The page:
His research asks how the knowledge gained from robots and other artificial agents solving one task can be reused in the next by drawing insight from humans’ ability to decompose complex problems into reusable pieces.

“What I’m really interested in is autonomous decision making, which is being able to have a machine learn to make decisions,” he says. “These could be single decisions or long sequences of decisions. At their core, these decisions are about what it means to be intelligent. A lot of the specific work that I do is around the idea of being able to generalise knowledge. So, if my robot has learned to solve one problem, how does it use that experience to speed up learning the next problem?

“A lot of this comes down to the question of what kinds of transferable knowledge can it learn about the world that can help it solve multiple problems,” he continues. “And in many cases, this is like a skill. So I’m really excited about this idea of learning generalised knowledge, and this is what I work on with my lab of fantastic colleagues and students.

“It’s a real honour to receive this recognition from CIFAR, an organisation that has played such an important role in science, particularly AI, and I’m excited about the opportunity to work with global thought leaders in many different fields and receive mentorship from one of the most influential networks of scientists,” says Rosman.

“This award recognises the novel work we’re doing in AI and machine learning in my lab, and confirms the calibre of the cutting-edge research conducted at Wits,” he says. “This advances the science and reputation of Africa in the field. The funding will be useful for everything from trying to buy more equipment for our labs to funding students travelling to international conferences.”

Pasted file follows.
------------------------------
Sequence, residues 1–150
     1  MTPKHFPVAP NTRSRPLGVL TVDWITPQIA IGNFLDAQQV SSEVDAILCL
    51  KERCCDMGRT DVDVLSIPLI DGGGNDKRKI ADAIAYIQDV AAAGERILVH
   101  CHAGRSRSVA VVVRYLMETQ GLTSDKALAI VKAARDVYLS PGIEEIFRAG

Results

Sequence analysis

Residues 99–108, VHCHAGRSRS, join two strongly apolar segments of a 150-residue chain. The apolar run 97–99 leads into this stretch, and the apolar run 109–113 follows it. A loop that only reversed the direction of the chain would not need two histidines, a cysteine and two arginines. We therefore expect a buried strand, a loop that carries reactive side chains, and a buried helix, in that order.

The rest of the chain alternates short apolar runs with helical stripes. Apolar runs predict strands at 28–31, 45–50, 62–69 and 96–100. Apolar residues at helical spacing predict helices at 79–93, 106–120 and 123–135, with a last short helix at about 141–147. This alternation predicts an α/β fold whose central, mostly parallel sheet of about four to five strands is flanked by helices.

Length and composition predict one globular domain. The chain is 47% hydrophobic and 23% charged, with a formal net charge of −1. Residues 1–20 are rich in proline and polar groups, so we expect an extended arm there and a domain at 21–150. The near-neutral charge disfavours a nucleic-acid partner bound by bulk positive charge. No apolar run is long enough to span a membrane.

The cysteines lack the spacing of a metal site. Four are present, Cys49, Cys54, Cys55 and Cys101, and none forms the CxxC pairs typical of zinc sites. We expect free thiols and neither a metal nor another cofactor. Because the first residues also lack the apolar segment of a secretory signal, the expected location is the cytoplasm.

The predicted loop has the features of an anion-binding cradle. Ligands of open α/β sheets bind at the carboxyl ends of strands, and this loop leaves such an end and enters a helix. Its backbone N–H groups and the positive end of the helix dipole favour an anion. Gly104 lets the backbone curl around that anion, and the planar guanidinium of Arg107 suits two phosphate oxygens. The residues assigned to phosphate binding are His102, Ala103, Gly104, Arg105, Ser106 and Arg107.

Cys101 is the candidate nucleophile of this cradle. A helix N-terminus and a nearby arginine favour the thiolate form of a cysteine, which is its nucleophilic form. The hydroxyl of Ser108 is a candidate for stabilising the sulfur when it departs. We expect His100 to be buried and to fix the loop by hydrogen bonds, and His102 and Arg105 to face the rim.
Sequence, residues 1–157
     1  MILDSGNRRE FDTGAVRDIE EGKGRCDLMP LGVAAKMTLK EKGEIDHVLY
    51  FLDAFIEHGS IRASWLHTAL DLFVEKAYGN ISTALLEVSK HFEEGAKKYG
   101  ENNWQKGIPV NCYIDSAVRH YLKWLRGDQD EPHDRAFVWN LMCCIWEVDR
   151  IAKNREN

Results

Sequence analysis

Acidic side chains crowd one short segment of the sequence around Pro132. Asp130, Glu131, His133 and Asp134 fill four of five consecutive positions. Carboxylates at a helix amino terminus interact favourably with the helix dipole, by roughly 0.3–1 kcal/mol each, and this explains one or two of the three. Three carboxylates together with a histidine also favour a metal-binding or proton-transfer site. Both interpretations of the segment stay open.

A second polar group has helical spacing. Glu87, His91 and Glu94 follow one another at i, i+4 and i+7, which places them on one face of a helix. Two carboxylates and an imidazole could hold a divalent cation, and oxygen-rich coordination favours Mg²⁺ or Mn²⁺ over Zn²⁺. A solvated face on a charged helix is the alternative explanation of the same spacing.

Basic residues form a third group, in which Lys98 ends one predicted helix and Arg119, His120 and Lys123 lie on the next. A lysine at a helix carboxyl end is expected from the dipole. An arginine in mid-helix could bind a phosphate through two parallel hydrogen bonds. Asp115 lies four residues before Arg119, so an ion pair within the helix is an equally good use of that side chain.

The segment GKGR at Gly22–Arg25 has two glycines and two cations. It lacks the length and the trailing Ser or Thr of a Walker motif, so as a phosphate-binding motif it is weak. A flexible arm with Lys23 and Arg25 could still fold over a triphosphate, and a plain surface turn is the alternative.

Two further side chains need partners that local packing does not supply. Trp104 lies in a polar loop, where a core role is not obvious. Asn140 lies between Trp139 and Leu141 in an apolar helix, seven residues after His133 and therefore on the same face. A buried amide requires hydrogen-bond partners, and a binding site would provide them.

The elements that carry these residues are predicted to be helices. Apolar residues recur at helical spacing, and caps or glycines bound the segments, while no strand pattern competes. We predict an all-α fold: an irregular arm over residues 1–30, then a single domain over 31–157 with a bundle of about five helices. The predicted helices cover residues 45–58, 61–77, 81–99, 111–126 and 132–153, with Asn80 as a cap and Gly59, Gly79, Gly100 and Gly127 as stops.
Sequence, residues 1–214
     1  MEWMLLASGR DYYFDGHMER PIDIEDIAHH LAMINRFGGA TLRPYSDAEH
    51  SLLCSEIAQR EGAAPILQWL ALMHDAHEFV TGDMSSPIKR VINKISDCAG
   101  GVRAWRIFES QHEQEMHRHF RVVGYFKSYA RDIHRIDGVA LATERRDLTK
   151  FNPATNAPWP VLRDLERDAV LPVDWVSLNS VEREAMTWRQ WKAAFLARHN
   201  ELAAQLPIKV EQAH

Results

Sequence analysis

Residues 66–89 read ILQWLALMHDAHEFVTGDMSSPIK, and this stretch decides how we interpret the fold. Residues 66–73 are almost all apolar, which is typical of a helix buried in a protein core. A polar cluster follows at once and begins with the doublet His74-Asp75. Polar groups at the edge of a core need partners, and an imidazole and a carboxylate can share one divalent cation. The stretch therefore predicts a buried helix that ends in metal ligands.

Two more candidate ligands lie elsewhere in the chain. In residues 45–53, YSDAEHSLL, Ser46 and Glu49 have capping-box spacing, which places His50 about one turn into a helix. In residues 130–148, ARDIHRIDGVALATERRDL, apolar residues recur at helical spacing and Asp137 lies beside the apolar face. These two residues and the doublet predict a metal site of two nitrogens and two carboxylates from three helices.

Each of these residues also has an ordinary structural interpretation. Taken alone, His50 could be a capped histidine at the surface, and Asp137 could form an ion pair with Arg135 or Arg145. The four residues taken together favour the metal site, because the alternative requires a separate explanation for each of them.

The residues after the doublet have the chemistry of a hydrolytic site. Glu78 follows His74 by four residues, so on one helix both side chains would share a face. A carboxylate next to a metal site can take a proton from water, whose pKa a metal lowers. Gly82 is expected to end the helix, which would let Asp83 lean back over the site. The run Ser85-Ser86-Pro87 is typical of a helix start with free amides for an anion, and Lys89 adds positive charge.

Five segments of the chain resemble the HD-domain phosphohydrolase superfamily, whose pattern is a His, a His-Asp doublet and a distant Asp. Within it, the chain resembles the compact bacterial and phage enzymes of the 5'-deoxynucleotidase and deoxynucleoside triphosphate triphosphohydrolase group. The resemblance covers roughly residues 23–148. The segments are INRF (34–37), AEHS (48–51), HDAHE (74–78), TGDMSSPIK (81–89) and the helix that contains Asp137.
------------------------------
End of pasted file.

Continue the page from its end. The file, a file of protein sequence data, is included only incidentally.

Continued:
Asked what exciting developments we can expect in the next five to 10 years, he says, “In the near future, we’re going to see more robots enter the workplace and home to assist people with challenging and mundane tasks.

“AI is one of the most powerful tools we can have in our arsenal to deal with the world’s challenges. I would really encourage people to go into this field, and they can be confident that this is something achievable. You don’t need to be at one of the fanciest universities to be engaged in this community. You can do this from anywhere, and in fact, this is what we’re doing. In preparation, you would need to study science and be comfortable with mathematics and programming. Above all, you must have passion and a curiosity for development, science, and trying new and interesting things.”

Looking back, “my upbringing really drove home the value of community. It’s important to acknowledge where you came from, give back, and help the next generation to fulfil their dreams, and to help them realise that there are goals that they might not realise are attainable. This is what I try and do in my job as an academic, as someone training young people, as a teacher, and as an educator.

“Many of my students collaborate with people all over the world, and I constantly hear from them just what high quality students we have coming from South Africa,” he says. “This is something to be aware of, because I think it’s very easy to feel hopeless about the future. But when you work with the youth, it’s easy to be inspired.”